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Rieger, W. (2014). Reflection: The value-adding component of service learning. The Journal of Adventist Education, 77(2), 24-31.



139999 Education not elsewhere classified| 220499 Religion and Religious Studies not elsewhere classified

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Service learning (SL) has come of age during the past two decades. A brief scanning of the literature and available websites shows it to be de rigueur, spanning the educational continuum from preschools to universities. The latter institutions currently offer free-choice elective courses for academic credit,
with undergraduates engaged in community internships or volunteering locally and overseas with non-government organizations; with the school of dentistry at one U.S. university pleased to adopt “Service Is Our Calling” as its motto.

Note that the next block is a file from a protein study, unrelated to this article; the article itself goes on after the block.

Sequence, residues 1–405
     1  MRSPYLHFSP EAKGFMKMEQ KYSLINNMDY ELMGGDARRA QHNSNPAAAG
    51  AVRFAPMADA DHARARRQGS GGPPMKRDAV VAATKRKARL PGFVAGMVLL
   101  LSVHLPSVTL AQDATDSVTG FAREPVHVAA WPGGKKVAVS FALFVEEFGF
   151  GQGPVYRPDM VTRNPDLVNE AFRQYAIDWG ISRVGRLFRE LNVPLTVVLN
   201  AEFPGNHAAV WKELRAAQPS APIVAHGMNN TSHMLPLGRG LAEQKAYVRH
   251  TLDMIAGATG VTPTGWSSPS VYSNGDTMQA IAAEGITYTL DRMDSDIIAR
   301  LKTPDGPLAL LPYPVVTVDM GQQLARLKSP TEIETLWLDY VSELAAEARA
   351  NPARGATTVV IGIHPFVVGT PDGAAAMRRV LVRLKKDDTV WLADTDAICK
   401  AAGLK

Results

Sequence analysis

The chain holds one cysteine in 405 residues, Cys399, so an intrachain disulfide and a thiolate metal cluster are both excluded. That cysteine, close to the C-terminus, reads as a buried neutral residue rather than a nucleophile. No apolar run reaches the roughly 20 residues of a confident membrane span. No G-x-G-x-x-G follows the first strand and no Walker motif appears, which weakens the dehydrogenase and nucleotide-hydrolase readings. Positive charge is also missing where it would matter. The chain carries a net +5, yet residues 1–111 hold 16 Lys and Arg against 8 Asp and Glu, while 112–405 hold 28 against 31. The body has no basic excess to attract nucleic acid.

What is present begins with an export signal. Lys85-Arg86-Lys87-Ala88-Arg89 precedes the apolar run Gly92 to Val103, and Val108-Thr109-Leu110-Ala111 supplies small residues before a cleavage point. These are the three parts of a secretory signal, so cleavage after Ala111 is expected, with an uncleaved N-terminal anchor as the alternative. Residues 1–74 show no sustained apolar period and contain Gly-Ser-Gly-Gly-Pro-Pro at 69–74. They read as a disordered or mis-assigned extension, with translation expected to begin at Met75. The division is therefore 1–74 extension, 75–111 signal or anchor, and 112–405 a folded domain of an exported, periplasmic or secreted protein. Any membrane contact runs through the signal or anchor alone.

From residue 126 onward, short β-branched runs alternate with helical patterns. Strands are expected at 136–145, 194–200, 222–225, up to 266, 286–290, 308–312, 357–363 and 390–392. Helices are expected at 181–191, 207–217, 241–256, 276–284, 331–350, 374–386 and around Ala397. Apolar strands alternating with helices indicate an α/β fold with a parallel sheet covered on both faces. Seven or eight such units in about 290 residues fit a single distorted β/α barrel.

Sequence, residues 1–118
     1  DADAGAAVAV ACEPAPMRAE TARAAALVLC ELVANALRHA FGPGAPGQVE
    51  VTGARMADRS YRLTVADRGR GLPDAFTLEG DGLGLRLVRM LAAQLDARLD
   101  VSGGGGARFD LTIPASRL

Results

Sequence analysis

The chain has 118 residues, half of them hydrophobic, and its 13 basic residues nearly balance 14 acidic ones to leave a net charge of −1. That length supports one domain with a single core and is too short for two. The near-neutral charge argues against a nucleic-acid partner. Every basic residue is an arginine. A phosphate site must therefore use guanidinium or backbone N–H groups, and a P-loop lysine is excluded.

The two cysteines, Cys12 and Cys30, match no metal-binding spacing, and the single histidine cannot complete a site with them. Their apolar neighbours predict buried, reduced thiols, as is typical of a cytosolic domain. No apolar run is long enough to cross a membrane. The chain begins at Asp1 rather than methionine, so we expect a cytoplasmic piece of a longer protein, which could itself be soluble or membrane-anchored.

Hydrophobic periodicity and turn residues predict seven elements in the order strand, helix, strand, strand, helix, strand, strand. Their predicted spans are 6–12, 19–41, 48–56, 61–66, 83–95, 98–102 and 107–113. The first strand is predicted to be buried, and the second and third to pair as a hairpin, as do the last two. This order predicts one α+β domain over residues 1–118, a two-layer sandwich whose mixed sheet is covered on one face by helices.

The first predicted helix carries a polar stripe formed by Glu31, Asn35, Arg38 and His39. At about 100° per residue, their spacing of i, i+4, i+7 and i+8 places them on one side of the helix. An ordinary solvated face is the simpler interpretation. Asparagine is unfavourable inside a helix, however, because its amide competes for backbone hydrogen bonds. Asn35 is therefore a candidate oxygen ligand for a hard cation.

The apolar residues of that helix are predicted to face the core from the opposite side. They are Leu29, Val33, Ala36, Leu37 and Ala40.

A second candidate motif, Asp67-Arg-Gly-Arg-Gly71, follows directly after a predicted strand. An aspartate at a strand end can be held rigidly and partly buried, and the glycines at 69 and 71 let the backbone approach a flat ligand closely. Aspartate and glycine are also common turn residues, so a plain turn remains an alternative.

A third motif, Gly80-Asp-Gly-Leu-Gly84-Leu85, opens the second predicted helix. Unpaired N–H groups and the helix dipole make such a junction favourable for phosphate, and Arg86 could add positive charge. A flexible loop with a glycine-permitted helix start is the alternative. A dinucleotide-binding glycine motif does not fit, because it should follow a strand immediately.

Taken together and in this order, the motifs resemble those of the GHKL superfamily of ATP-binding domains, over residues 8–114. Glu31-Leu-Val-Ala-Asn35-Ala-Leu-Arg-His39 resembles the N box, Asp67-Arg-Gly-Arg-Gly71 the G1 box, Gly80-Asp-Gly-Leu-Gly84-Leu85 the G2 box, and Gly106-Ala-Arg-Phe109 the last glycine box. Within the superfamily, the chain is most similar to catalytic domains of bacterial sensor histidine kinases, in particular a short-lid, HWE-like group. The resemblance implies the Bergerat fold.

The 20th-century historical roots of service learning may be found in John Dewey’s educational philosophy, and are evident in the goals and activities of such bodies, groups, and associations as the Peace Corps Movement, Scouts, Guides, Pathfinders, Apex, Lions, and Rotary. From a biblical perspective, its origins may be traced back to Old Testament times and seen in the Schools of the Prophets that probably were founded in ancient Israel by Samuel.


Used by permission: The Journal of Adventist Education

This article was originally published in TEACH Journal of Christian Education and reprinted in The Journal of Adventist Education with permission of the author.

At the time of writing Wilf Rieger is affiliated with Avondale College as a Senior Research Fellow.